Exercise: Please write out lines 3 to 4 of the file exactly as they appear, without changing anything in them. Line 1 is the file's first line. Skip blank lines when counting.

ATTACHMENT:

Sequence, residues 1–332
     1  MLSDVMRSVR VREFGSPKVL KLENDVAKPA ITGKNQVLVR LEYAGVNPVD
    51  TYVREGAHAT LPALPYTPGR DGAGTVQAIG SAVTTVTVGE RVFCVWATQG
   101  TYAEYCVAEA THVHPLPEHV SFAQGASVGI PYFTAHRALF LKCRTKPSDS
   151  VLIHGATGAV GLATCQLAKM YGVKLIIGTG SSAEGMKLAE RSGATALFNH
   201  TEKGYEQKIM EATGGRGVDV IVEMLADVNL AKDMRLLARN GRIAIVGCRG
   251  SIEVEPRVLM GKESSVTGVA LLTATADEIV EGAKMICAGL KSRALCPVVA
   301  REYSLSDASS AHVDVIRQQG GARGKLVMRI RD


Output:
    51  TYVREGAHAT LPALPYTPGR DGAGTVQAIG SAVTTVTVGE RVFCVWATQG
   101  TYAEYCVAEA THVHPLPEHV SFAQGASVGI PYFTAHRALF LKCRTKPSDS